Top 100 Horror & Fantasy Film Festivals + Submitting Tips [July 2018 Update]

Adrian Țofei, January 28, 2015

Latest Update: July 19, 2018

While researching film festivals to submit my movie Be My Cat: A  Film for Anne, I decided to make a public list to be useful to fellow filmmakers as well. It’s now reaching almost 5,000 Facebook shares and 1,000 monthly visitors. I am constantly researching festivals and updating the list, taking into consideration all the other lists available (see below), the opportunities the festivals offer to indie filmmakers, the quality and number of films selected in previous years, the number of years running, their status in the film industry, the location, communication, hospitality and safety, the quality of the information on their websites and social media, the entry fee, submission process and selection process, the number of Facebook likes and Twitter followers and other recommendations.

I only included international genre film festivals with live screenings: horror, fantasy, sci-fi, underground (but underground focused on horror/dark films, not on abstract/experimental films), found footage. For all the festivals, regardless of type, check out my Top 100 International Film Festivals (some general festivals have very popular sections for genre films).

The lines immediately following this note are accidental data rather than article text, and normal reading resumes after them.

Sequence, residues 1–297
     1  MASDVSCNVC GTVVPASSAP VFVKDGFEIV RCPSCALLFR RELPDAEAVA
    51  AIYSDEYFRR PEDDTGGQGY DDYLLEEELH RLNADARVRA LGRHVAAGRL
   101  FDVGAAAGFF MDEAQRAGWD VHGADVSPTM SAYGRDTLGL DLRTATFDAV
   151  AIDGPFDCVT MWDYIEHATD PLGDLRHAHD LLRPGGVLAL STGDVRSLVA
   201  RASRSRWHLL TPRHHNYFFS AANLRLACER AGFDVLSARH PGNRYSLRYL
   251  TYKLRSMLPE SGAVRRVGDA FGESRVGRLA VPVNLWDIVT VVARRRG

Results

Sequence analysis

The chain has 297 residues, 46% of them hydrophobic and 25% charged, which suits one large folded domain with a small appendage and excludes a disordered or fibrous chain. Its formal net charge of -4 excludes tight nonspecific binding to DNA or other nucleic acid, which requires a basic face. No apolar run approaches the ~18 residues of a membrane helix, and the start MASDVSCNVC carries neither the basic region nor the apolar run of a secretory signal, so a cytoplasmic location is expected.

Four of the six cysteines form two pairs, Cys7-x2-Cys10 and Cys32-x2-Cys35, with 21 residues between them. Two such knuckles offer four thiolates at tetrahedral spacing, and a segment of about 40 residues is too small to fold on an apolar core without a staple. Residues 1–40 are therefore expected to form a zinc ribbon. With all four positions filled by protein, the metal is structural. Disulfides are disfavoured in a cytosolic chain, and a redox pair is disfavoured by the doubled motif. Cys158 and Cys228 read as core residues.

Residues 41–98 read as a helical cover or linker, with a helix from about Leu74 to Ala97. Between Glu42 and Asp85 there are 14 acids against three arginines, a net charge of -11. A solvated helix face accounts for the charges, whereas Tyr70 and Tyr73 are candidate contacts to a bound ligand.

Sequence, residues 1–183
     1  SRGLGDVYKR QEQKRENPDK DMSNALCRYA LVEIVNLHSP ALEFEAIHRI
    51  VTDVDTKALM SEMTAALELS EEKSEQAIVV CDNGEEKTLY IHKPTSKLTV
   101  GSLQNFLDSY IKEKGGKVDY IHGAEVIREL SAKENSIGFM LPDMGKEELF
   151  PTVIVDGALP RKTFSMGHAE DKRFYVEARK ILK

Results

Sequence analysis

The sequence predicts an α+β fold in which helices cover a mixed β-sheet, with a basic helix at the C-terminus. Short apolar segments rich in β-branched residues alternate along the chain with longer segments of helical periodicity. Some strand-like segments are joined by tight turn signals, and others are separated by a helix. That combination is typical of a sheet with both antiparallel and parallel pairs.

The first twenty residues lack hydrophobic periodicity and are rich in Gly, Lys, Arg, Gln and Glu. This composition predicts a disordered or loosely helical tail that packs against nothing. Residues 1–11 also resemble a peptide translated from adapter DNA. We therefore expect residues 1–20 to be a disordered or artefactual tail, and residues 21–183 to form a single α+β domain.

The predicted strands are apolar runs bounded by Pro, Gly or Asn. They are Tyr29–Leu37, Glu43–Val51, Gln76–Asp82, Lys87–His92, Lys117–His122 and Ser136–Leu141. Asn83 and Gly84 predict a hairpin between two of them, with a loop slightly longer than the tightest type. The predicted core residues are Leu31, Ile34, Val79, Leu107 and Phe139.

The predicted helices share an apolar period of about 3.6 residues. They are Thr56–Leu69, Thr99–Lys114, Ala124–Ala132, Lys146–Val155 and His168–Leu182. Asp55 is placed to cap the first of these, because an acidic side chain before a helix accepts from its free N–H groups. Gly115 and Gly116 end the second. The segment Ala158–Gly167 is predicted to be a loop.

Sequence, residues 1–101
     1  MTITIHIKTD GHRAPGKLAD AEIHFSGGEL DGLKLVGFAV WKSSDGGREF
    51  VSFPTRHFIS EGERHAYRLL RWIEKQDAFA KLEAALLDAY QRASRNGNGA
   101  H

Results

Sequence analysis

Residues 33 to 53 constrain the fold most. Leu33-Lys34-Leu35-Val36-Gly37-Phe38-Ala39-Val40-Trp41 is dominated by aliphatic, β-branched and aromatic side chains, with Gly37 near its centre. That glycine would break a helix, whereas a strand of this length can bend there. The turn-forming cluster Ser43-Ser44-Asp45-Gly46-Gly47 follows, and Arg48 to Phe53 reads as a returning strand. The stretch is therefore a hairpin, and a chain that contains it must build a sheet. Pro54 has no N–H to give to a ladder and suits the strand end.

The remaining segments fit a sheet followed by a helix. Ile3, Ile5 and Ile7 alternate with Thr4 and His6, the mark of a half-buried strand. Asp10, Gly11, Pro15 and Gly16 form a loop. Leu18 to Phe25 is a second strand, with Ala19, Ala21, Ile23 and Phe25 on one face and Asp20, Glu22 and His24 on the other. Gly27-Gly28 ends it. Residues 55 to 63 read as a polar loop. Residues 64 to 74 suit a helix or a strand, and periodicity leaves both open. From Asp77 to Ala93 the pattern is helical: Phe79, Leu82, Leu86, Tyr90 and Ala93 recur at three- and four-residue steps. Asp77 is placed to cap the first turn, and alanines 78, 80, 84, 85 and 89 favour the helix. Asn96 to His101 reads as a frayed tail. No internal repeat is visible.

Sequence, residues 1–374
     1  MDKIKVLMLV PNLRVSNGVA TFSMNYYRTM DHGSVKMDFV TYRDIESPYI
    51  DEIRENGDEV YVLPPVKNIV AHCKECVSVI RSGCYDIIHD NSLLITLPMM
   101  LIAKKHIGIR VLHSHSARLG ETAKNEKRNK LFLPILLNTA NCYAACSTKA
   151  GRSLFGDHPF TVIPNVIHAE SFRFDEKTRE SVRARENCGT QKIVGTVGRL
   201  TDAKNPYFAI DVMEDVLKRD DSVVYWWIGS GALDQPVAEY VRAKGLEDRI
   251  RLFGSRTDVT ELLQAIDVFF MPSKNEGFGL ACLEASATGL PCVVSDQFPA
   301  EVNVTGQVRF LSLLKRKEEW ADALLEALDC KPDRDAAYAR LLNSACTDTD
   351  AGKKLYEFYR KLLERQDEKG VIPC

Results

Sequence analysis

Tips on Submitting to Festivals:

  • Keep your genre feature film below 90 minutes if possible and never above 100 minutes. Festivals are commercially oriented and don’t wanna risk boring their audiences and fading away in popularity.
  • Keep your genre short film below 10 minutes if possible and never above 15 minutes. Festivals prefer to screen a bigger number of shorter short films instead of a single longer short film.
  • Ask for fee waivers before submitting. Unfortunately, a lot of festivals view paid submissions mainly as a source of revenue and select/invite most of their films from other sources like contacts, recommendations, other festivals, sales agents etc. Write to festivals and ask them if they are interested in your film. If they are, they may give you a fee waiver. If they don’t give, they might be either not interested, or interested but principled. Try to find out which case applies and act accordingly, also considering your total submission budget and how much you want that festival.
  • Don’t fall for partial discount offers received via email, thinking they are personalised and the festival is interested in your film. Most of the times they are not, those are public discount codes listed on the submission platform or mass-sent to filmmakers. When a festival is interested in your film, they offer you a 100% discount code or fee waiver. The partial discount is just a marketing strategy.
  • Keep the cover letter very short – about three phrases of essential info if possible. Programmers are very busy and might not read long letters. Same for the film’s synopsis – try to synthesise it in one catchy phrase if possible.
  • Include in the short cover letter the best things about your movie and yourself, to catch the programmers’ interest, like known actors, past known films of yours, awards and other festivals, anything else unique or sensational about your film.